The relatively affluent middle class in China, 300 million people living in large cities, continues to be one of the "big secular" trends that Alibaba has tapped into, said exec chairman Joe Tsai on an earnings call.

    "We have talked about the desire by these consumers to upgrade the quality of product they buy, especially the pursuit of brand and imported goods," he added.

    Clearly Apple might have something to say about that, having watched its iPhone sales drop by double digits in the first half of its year. But that's another story.

    Tsai also spoke of the "rise of urbanisation" happening in third, fourth and fifth-tier cities in China, with roughly 500 million people in these locales with a consumption economy of $2.3 trillion that is forecast to rocket to $7 trillion by the end of 2030. Chinese companies tend to plan for the longer term rather than being driven by the whims of Wall Street.

    Alibaba had 674 million active monthly users in its Core unit, up 20 million on the prior quarter.

    Cloud Computing remains a fraction of the retail operation but is growing fast, up 66 per cent year-on-year to ¥7.787bn ($1.105bn). This was based on "an increase in average revenue per customer," said Alibaba CEO Daniel Zhang.

    The fourth largest cloud provider worldwide didn't break out public-versus-private cloud sales figures, but said private jumped 250 per cent year-on-year.

    Zhang said the work is to boost "high-valued added service while rationalising... commodity products". He added that it is still beefing up investment in "talent and technology infrastructure".

    Alibaba has 52 availability zones made up of one or more data centres in 19 regions around the world.

    The Digital Media and Entertainment unit was up 6 per cent to ¥6.312bn ($896m) and revenue from the Innovation initiative and others jumped 21 per cent to ¥1.281bn ($182m).

    Group operating profit came in at ¥24.375bn ($3.46bn) versus an operating loss of ¥4.863bn ($690m)a year earlier. Net income was ¥21.24bn ($3bn). ®
    Alibaba is up? At least someone is benefitting from the trade war.
    Gene Ching
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  4. #64
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    $38.7b

    If Jack really wanted to promote Chinese martial arts, he could donate .00001% of his net worth and keep Kung Fu Tai Chi afloat for some time. I'm just sayin...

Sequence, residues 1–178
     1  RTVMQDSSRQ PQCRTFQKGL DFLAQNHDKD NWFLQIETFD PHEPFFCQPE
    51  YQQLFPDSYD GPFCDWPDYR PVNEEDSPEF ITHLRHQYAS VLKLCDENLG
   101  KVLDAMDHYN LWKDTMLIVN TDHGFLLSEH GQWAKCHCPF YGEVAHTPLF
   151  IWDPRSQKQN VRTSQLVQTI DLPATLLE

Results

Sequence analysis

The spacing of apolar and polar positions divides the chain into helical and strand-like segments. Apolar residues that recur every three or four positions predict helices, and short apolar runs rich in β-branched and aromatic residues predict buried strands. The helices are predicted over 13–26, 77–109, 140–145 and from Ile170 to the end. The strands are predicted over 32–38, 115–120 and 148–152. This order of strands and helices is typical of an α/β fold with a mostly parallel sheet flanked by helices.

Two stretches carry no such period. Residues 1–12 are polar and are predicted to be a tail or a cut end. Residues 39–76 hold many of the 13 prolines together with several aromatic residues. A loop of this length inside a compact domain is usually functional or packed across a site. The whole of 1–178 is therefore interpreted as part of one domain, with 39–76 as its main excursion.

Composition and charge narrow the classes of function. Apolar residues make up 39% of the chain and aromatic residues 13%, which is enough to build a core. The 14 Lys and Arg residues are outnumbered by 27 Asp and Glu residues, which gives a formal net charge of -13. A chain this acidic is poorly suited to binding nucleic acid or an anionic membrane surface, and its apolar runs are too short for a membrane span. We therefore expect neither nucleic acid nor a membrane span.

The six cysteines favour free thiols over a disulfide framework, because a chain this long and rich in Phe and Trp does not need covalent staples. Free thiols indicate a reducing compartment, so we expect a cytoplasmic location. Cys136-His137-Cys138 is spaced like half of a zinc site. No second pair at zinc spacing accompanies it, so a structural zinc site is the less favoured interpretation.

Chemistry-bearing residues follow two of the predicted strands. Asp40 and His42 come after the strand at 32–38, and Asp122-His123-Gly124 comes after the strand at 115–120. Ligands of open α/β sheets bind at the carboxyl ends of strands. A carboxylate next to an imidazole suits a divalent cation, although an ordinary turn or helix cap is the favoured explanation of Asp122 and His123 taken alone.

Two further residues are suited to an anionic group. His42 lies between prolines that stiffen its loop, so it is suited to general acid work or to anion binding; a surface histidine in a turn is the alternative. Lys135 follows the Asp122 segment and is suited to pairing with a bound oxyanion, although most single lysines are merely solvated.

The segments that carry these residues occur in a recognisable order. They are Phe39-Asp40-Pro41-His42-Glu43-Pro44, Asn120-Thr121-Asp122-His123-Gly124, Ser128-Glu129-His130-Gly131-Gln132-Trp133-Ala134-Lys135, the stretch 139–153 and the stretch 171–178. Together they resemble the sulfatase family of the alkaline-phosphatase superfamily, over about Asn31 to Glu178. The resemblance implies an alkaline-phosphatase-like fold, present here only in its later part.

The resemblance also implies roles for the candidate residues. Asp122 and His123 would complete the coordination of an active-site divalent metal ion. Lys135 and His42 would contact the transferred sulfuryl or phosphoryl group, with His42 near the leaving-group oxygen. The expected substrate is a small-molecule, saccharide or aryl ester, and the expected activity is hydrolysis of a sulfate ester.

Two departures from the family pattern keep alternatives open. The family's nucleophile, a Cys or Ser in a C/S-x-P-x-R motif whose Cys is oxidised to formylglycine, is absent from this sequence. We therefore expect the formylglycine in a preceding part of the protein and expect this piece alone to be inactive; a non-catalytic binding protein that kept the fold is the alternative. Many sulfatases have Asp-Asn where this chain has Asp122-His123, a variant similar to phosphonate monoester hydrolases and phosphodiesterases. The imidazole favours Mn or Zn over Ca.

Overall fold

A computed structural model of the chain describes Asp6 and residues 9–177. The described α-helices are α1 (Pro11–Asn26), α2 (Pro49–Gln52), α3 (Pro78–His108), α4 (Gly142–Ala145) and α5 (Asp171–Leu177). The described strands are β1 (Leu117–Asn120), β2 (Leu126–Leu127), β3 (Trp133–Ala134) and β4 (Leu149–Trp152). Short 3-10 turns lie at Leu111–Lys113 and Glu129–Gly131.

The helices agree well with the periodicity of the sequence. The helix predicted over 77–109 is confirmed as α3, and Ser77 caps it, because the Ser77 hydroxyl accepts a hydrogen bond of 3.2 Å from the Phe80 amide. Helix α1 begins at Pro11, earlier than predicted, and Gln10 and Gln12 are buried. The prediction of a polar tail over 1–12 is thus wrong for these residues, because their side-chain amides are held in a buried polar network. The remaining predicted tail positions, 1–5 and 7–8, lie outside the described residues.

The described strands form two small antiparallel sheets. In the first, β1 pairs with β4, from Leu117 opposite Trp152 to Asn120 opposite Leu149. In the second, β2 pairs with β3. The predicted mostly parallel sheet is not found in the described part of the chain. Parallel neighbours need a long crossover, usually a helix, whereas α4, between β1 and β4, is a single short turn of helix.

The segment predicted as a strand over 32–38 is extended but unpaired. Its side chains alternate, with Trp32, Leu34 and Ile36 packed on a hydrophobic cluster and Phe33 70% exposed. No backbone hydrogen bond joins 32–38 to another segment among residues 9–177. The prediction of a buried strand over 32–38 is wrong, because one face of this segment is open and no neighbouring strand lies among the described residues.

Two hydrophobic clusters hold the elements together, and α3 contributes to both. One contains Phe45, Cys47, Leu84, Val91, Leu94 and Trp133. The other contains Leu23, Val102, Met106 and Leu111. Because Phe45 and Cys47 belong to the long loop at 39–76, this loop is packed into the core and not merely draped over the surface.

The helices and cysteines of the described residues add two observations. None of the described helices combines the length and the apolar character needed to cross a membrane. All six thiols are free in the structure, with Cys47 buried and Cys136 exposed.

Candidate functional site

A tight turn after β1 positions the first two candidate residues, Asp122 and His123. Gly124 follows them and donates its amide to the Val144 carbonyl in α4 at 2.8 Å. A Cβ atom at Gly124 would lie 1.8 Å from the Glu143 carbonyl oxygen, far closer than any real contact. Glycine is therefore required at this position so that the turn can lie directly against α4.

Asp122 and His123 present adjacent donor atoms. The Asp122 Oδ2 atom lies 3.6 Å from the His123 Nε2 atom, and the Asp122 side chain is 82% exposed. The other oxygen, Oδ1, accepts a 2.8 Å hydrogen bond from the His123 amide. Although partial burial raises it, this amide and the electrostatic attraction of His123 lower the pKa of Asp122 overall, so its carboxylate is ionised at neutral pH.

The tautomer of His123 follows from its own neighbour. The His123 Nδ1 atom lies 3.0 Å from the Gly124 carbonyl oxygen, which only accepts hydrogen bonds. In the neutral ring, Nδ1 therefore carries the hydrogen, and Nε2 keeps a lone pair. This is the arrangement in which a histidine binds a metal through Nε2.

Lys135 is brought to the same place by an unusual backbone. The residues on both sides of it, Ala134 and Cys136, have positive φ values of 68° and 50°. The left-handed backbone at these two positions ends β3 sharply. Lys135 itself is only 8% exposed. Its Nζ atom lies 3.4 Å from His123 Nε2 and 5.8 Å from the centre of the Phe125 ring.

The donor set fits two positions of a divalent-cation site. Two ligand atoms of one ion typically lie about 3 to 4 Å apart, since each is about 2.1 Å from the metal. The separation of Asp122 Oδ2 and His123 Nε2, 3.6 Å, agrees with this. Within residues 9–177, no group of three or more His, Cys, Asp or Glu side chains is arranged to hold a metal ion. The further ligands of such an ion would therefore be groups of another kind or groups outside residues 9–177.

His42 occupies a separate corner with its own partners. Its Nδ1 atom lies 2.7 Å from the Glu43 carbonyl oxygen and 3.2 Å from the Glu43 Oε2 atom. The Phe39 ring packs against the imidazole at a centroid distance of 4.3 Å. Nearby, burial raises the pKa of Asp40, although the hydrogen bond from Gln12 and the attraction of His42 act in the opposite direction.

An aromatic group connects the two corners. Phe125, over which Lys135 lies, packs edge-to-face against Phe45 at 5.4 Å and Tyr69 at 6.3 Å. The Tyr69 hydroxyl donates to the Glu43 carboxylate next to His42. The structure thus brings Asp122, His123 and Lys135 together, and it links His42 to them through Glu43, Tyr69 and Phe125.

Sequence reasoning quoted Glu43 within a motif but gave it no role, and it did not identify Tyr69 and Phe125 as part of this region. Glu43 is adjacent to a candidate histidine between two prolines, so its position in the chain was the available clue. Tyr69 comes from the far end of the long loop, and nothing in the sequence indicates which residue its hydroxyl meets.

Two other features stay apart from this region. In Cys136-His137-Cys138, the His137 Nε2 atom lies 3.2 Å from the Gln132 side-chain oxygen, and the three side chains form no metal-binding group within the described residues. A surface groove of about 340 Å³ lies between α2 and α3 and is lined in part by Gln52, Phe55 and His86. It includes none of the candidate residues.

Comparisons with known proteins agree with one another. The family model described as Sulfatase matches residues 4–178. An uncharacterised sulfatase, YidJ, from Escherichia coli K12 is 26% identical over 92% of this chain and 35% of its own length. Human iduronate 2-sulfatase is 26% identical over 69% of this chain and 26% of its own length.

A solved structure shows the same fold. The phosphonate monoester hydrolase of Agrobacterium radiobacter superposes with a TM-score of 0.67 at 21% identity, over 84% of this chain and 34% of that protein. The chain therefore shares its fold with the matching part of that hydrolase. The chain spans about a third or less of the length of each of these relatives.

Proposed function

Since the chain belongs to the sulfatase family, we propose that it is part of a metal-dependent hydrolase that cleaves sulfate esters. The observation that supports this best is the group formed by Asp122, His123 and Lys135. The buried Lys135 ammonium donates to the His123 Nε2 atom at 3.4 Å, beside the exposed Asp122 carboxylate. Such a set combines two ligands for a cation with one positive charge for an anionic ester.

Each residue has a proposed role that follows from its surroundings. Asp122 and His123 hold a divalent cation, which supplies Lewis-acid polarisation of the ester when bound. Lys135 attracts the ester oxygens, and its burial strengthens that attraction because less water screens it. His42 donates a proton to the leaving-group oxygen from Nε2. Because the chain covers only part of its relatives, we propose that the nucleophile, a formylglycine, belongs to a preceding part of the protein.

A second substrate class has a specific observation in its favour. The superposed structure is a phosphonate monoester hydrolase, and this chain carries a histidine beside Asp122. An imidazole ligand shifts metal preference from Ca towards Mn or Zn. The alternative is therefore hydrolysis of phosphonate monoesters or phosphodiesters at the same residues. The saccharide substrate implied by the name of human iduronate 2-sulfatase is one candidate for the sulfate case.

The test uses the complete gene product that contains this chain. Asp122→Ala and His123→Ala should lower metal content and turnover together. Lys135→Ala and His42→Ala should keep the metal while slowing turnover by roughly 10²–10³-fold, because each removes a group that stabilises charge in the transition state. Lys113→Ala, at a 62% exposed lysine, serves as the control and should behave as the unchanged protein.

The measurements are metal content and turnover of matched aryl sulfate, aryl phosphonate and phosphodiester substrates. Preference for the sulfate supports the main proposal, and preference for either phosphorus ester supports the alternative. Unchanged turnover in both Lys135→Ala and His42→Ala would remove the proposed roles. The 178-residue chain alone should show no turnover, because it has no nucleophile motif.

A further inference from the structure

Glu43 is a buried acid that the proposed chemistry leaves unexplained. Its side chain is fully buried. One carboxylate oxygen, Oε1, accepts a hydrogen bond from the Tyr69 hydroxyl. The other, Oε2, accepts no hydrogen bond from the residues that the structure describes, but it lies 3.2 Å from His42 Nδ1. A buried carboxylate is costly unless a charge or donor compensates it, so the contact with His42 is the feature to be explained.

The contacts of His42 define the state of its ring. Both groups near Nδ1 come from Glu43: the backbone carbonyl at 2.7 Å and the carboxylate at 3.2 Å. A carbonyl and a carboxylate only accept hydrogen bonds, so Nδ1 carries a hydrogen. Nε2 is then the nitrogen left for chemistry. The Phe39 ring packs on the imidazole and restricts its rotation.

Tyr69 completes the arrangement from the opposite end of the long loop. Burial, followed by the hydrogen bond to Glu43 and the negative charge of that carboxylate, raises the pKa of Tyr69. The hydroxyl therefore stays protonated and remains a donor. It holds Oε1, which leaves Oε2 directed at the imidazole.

Jack. Call me. Please?

    What Is Jack Ma's Net Worth?
    Jack Ma, founder of Alibaba, grew rich on the internet and China's embrace of technology. Here is his story.

    Brian O'Connell
    Sep 19, 2019 12:03 PM EDT

    TheStreet

    Jack Ma is reportedly worth $38.7 billion as of 2019.

    As the founder and executive chairman of China-based Alibaba Group (BABA - Get Report) makes his way into retirement, the multi-billionaire can expect that amount of money to grow substantially in the coming year.

    That's what happens when you lead one of the largest e-commerce companies the world has ever seen - even if you retire, as Ma is doing this month.

    Here's the story of Jack Ma's wealth and his rise as the founder of Alibaba, one of the largest companies in the world, which set the record as the biggest public stock offering ever, at $25 billion, only five years ago.

    It's a story where Ma gets to found his own worldwide business empire and leave his own unique personal stamp on the proceedings every step of the way.

    The Rise of Jack Ma
    Jack Ma, once an English teacher and later a struggling entrepreneur, walks away from Alibaba Group Holding Ltd. as the 19th wealthiest individual in the world, and lands just behind India's Mukesh Ambani as the richest person in all of Asia.

    It was only 20 years ago that Ma was laboring out of his small apartment to bring Alibaba to life, which he did in monumental fashion, creating a business-to-business technology behemoth worth $460 billion.

    Since Ma owns a 5.3% stake in Alibaba, his wealth will continue to expand, and any stock he owns, or even sells, will likely add to his substantial wealth.

    That surely wasn't the future Ma or his family envisioned when he was born Sept. 10, 1964 in Hangzhou, China. Ma was a dedicated student right off the bat, taking the time to learn English at a young age, and began his entrepreneurial career as a local tour guide who used his pay to take more classes, learn more English, and save for college.